These essays were funny, moving and amazing.  I don't remember a bad essay in the bunch, but the ones that stuck with me were the essays about Deenie terrifying one author, though ultimately helping her when she herself was diagnosed with a rare blood disorder, and the author essay about having to hide Forever while secretly passing it from friend to friend.  That one might have been my life.

 

The Invention of Nature: Alexander von Humboldt's New World - Andrea WulfA lot of you read this right along with me, so you know how good this book was, even when it stumbled a bit towards the end.  

 

Humbolt ... I still can't wrap my mind around how someone who contributed so much can be so neglected today.  There are ancient Greeks whom we now know to be full of shit that get more recognition than this man who was the first to do so many things, and to discover so many things that are absolutely vital to every person's life today.  Accurate things.  Like better weather maps.   And keystone species.  And, and, and.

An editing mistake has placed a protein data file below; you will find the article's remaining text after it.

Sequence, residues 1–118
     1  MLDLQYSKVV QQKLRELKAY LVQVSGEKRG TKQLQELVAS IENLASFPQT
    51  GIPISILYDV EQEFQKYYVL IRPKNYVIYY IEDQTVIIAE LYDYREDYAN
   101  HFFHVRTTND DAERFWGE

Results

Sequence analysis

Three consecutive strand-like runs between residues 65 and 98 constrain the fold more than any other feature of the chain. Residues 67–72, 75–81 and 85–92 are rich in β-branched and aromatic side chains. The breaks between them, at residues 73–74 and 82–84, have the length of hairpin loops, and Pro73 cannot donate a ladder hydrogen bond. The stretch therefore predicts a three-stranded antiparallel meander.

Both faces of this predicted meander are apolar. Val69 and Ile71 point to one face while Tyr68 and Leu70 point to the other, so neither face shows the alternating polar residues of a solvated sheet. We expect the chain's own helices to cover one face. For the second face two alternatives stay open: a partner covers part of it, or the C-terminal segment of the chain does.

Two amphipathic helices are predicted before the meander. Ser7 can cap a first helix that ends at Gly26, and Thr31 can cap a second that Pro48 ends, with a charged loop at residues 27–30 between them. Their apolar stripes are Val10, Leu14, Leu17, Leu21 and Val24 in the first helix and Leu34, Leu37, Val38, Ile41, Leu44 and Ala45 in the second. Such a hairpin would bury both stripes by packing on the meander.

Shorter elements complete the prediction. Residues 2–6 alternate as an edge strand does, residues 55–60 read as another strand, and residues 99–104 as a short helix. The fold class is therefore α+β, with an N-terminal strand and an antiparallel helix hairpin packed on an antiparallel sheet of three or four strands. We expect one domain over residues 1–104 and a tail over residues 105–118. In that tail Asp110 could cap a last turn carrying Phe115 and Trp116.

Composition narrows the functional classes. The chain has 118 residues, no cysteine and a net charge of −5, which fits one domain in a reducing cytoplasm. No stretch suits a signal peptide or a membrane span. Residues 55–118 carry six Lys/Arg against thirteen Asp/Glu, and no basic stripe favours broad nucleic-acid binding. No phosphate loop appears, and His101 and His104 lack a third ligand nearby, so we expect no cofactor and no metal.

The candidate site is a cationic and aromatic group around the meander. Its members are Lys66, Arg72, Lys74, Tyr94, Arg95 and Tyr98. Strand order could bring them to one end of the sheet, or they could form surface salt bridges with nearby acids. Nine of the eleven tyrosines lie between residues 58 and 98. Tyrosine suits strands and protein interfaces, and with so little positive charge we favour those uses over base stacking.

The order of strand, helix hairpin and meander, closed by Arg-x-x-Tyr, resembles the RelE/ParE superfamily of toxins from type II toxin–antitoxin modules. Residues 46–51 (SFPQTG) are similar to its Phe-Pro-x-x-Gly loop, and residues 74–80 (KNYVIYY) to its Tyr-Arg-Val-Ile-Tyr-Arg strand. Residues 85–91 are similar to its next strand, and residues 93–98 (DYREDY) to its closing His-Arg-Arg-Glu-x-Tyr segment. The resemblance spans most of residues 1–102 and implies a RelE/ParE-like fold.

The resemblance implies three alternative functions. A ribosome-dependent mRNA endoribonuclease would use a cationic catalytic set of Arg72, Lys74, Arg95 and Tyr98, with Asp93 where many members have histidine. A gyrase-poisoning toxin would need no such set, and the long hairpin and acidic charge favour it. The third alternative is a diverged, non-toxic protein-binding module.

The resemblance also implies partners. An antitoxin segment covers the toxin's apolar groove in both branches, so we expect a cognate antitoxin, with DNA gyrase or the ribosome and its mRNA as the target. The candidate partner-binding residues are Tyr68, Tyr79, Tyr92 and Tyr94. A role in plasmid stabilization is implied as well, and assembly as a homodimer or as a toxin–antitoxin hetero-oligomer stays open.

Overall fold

We need to bring Humbolt and his work back, before the world goes to hell in a hand basket.

 

The Chosen - Chaim PotokThis was a very recent read for me, but such an incredible find.  I feel like my life would have been lacking had I never discovered this book.

 

The friendship at the heart of this book is the Jewish equivalent of a Fundamentalist born-again Christian and a Roman Catholic being best friends; both practicing and headed for a life in their faith.  Only, of the two, one is doing it because he wants to, and the other because he has to.

 

There's also a little softball, a fair amount about father-son dynamics and ultimately an entire book's worth about listening to your soul when it speaks.

 

Norse Mythology - Neil GaimanI have always been fascinated by the Norse myths - far more so than the Greek ones.  But I've never known much about the real myths - only what shows up in popular culture and we all know how accurate that is.  But studying Greek myths in college left me intimidated and wary of tackling the Norse myths.  I don't know how you can make stories involving minotaurs and swans dry and academic, but my university, at least, managed to do just that. 

 

But Gaiman... Gaiman can't make anything dry and academic. And after hearing he honoured the originals rather faithfully, I bought a copy on audio.  Then went out and bought a print copy.  I loved them.  They were horrific but entertaining and Thor is hilarious in his oafishness.  I feel like I can now say I have some familiarity with Norse mythology, and it didn't come from Marvel Comics.